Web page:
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I'm Aware That I'm Rare: the phaware® podcast

A new podcast series devoted to raising global pulmonary hypertension awareness with dynamic stories from PH patients, caregivers and medical professionals from around the world. New Episodes every Monday!

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Shannon O'Donnell - phaware® interview 383

Sep 6, 2022

Pulmonary Hypertension patient Shannon O'Donnell was diagnosed with PH at age six.  Shannon discusses the importance of PH kids getting to attend summer camps geared to children impacted with rare disease, including Paul and Joanne Newman's The Hole In the Wall Gang Camp and Serious Fun Network.

My name is Shannon O'Donnell. I'm from Boston, Massachusetts. I would like to talk about the importance of going to camp either as a pulmonary hypertension patient individually, or as a family. I was diagnosed with pulmonary hypertension at age six. This was all the way back in the dark ages of pulmonary hypertension treatment development in 2001, where there were actually no pediatric treatments approved.

Through a support group, we found camp. The camp I went to was The Hole in the Wall Gang Camp, which was the original camp Paul Newman and Joanne Woodward, founded in memory of their son. In their latest documentary about their life, The Last of Movie Stars, which is now on HBO Max. If you have HBO Max, go watch it. Camp is such a big part of their lives. They created it to give kids like me and other PH kids, a place to be kids… and to raise a little hell, because that was his saying from his movies, especially Bush Cassidy and the Sundance Kid. He was like, "I want kids to be able to go raise a little hell and be kids!"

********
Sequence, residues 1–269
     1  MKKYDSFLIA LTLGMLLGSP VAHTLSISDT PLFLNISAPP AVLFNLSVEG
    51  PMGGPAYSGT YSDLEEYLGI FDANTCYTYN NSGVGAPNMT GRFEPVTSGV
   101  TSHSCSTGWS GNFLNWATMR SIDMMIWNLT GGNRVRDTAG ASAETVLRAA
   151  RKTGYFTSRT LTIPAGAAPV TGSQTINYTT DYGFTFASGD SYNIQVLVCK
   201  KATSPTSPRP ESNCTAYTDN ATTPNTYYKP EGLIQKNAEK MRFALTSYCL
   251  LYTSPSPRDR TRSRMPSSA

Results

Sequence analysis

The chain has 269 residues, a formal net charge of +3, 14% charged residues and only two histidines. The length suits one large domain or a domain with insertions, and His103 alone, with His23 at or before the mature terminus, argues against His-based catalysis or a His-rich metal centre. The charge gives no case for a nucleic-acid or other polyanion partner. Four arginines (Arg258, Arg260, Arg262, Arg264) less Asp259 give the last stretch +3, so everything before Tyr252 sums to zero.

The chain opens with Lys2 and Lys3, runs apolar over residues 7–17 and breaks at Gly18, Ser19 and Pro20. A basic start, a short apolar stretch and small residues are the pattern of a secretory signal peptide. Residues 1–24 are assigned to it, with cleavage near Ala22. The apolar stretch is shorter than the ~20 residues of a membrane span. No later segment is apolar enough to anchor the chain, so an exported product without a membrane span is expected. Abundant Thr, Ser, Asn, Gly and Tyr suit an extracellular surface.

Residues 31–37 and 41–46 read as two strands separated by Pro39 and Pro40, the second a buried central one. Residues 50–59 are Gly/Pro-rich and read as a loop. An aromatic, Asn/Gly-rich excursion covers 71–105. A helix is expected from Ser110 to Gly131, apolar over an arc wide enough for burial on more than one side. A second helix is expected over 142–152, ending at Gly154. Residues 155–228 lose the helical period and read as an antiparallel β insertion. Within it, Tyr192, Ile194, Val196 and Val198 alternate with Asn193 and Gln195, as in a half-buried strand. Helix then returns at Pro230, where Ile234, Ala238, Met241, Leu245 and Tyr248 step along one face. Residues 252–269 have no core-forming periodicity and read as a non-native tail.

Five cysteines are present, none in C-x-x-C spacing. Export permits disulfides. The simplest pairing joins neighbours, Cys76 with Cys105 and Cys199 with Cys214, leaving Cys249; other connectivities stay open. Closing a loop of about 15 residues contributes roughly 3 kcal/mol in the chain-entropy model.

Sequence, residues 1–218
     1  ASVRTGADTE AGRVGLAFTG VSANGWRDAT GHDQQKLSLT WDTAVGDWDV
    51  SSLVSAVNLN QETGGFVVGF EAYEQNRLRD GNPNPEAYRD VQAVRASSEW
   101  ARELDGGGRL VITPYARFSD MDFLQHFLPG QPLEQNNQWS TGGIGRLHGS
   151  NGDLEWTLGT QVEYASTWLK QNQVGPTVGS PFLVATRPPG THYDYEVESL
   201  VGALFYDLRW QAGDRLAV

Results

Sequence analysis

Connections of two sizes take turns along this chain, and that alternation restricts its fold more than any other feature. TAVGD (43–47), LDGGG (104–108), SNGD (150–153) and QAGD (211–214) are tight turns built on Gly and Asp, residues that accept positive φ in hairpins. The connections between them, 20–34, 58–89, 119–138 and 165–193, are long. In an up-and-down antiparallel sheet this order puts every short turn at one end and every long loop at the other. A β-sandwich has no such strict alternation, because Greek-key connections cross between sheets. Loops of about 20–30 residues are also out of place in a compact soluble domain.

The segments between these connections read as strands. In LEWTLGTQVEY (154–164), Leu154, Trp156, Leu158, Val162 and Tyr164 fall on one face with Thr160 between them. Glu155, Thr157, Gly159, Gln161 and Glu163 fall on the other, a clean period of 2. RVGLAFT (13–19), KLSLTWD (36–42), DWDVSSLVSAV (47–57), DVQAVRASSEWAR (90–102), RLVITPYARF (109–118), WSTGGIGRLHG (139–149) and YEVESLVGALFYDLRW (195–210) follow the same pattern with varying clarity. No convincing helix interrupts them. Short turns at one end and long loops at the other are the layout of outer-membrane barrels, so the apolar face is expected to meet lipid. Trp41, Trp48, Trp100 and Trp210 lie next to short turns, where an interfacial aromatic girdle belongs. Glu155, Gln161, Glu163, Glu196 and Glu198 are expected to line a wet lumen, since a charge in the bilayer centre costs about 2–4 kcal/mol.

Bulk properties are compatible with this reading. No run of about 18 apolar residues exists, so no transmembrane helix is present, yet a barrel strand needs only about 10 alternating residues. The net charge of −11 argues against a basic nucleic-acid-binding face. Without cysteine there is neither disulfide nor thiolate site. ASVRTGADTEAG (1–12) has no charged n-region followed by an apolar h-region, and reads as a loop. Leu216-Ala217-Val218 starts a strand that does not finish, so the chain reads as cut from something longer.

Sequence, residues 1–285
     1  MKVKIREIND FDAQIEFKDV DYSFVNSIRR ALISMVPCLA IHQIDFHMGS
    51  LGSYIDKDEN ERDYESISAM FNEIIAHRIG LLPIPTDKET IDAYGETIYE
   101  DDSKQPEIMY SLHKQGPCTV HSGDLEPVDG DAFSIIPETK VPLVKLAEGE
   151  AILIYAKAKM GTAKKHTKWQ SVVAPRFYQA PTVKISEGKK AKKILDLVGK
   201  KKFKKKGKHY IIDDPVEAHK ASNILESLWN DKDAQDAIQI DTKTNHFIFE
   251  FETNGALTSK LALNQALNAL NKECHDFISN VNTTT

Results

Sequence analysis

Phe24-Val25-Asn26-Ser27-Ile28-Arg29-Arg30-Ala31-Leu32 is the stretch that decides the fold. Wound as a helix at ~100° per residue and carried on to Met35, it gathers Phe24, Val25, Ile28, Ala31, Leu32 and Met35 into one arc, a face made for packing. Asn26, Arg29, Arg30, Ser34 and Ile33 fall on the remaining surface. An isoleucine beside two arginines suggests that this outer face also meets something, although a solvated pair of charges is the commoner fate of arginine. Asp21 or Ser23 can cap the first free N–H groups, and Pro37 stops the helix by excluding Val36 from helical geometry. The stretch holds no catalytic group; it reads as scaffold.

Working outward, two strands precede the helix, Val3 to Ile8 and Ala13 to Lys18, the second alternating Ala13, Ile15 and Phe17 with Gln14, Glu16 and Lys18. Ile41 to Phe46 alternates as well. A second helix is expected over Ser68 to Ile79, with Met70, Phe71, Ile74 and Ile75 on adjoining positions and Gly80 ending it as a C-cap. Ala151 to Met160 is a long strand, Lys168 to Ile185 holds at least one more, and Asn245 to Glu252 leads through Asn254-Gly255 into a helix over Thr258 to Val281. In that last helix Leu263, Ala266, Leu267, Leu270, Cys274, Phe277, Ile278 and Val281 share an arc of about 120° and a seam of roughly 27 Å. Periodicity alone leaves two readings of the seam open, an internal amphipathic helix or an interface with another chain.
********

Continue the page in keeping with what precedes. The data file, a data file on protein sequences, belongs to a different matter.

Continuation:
Now, The Hole in the Wall Gang camp has combined with Serious Fun Network, and they have camps all over the United States. We have won opening in Maryland in the next couple of years. We are opening one in India this coming summer. It's just growing beyond Paul Newman and Joanne's dream. It makes me so happy because now other kids in those areas are going to get the same experience I did.

We were all pretty nervous, especially Dr. Mary Mullen, my PH doctor. But she let me do it anyway. She said, "You got to go be a kid," which I feel like most pediatric doctors are saying now. When we found camp, I was still considered newly diagnosed, because I wasn't stable. A friend of mine had gone to camp the previous year and she was the first PH patient they had ever accepted. Then, they just started accepting me, and then a few others came along from the clinic here in Boston.

It was pretty scary, because that first summer when you're on a central line you're not allowed to swim. But that first summer, that part of the paperwork packet for all the medical stuff went to my pediatrician and he checked off, yes! So, I got to go do the illegal PH activity of swimming at a very, very sterile pool. I promise you, it is very sterile. I can picture other parents' faces now of kids on central lines. I promise you, the doctor went with my unit to the pool. Every time I went to the pool, the nurses came with me in case my bandage fell off or my extension tubing fell out of the pelican box. There was always a nurse with me that first summer whenever I went to the pool.